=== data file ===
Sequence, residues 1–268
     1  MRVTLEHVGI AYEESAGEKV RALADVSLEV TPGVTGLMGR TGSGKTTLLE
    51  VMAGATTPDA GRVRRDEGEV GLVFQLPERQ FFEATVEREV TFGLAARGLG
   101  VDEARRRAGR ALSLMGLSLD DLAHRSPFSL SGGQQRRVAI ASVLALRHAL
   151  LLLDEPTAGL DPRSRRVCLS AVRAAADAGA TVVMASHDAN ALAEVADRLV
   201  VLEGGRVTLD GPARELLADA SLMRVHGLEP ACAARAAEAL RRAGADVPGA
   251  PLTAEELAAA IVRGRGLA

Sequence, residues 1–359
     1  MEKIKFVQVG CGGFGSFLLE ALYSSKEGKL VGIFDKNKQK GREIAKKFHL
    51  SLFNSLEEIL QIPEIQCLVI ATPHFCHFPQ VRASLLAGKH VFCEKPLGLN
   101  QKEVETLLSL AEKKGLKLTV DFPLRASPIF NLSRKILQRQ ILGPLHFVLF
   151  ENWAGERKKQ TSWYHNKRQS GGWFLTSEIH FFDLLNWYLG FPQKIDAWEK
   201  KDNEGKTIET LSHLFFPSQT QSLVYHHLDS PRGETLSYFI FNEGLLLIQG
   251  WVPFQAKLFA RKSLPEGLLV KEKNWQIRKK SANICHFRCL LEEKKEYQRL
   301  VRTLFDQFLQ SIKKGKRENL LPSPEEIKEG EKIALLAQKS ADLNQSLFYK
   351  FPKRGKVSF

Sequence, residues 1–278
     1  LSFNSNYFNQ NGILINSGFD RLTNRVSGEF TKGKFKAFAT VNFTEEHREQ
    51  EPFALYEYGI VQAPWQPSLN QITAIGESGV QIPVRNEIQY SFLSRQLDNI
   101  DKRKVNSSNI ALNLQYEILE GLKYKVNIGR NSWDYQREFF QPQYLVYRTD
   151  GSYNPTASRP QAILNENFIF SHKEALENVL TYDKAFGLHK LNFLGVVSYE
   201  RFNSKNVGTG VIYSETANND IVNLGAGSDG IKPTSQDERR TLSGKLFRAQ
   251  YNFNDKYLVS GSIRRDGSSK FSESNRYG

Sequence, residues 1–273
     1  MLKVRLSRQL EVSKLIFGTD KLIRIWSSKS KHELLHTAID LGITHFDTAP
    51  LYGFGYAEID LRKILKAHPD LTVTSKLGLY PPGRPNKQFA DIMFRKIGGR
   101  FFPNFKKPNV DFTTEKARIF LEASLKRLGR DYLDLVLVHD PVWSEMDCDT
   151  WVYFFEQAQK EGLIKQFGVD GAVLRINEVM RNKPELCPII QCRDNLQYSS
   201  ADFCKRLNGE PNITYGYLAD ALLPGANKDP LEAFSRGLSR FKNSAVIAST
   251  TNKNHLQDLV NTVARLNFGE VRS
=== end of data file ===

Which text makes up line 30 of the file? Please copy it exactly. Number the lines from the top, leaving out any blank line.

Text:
   251  TNKNHLQDLV NTVARLNFGE VRS